You can then import this into a pcb creation tool... well you might want a few more components though! Layers An unusual feature of the schematic drawing program is that it lets you use layers - normally this feature is used on graphic drawing programs. It's main use here is that you can create background elements that you leave in the background on a different layer and you then set that layer to 'unselectable'. This means you can work on any other part of the drawing without selecting the background. It lets you create the following sort of layout diagrams (this one is from the 12F675 tutorial):

Example: Using layers with the schematic drawing program: ProSchematic

Here the solderless breadboard (and each hole) in the solderless breadboard is a schematic item and these are placed into layer 6 while all the other items are on layer 1 so - you can move wires around without affecting the background.

Download schematic drawing program FREE Trial here

Sign up for MicroZine (the free microcontroller ezine) and you can get the schematics from this site - in ProSchematic format : this gives you a head start in creating your own schematics. End of schematic drawin g program page.

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How to drive an led display matrix.


Driving a 64 LED display matrix is quite simple and just requires ONE TRICK!

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Home Forum Project Ideas C Course LCD-Keys one port PIC Projects TIPS & Techniques PIC Introduction PIC Programming Programmer Types PIC Programmer Schematic Tool PIC Tutorials (Note: Item Displayed is not the same as the circuit shown on this page) Digital Downloads (CLICK IMAGE to Buy This Kit) Store My Secret Oscilloscopes About Me Here you can find out how to drive an led matrix with 64 Contact Me LEDs (8 rows by 8 columns - 8x8 display) or less e.g. 35 Terms of Use LEDs (7 rows by 5 columns - 5x7 dot matrix). Search This Site Articles MicroBlog Books It uses persistence of vision to let you drive the 64 led Resource Links matrix with only 10 microcontroller outputs! Site Map Problem?Normally you would need 64 outputs for 64 LEDs but by Solution using multiplexing and a helper chip you can get away with Privacy Policy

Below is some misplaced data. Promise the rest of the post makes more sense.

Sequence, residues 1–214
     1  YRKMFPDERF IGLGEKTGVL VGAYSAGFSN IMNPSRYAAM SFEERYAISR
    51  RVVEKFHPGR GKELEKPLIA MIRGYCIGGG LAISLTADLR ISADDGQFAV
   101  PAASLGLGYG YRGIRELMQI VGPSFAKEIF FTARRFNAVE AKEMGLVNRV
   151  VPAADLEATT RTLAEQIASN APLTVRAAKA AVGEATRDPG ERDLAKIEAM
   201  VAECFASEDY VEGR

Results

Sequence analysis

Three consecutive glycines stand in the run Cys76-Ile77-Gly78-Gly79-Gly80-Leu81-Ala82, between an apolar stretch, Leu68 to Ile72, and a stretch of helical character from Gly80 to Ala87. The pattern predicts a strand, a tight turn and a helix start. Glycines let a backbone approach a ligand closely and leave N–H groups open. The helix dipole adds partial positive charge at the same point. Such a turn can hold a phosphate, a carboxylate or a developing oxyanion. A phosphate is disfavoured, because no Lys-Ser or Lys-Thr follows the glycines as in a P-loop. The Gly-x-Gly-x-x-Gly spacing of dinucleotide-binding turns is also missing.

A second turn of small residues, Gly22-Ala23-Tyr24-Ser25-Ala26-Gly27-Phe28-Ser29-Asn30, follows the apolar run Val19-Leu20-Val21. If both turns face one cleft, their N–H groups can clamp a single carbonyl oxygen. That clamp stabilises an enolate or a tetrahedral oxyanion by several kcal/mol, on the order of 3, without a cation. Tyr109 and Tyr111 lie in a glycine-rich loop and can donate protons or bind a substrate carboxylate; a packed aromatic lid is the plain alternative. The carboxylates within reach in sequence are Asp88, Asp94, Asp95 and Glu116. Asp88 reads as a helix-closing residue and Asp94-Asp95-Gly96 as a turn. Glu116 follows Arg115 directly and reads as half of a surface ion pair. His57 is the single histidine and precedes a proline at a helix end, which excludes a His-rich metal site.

10.

LED Display multiplexing simply means turning on one led for a short period of time and doing this repeatedly for each LED. If you do this fast enough then your eye will not notice any flicker.
Note: The unit used in this project is simply an array of 64 LEDs. The LEDs are no different to any other LEDs but it saves a huge amount of soldering as all the wiring has been done for you. ...Or you could wire it up yourself if you can't get hold of the module.

If you wire it yourself you still only need 10 control wires (just wire you leds the same as shown in the module diagram).
LED display matrix 8x8 LEDs

Learn about the tool used for creating this diagram.

A dot matrix led display is simply a grid of LEDs arranged for

use by multiplexing.

Specification
dot matrix led display driver Red 8x8 LEDs

Dot matrix LED display project details. Dot matrix LED display Project Mikroelectronika C compiler V5.0.0.3 Free! 16F88/16F84 (retargetable to other PICs that have an enough pins). Easy. Multiplexing the display. Easy. No special notes Swap Row/Col names in software h/w the same. Enter your details to get the Download Link and get the microcontroller newsletter: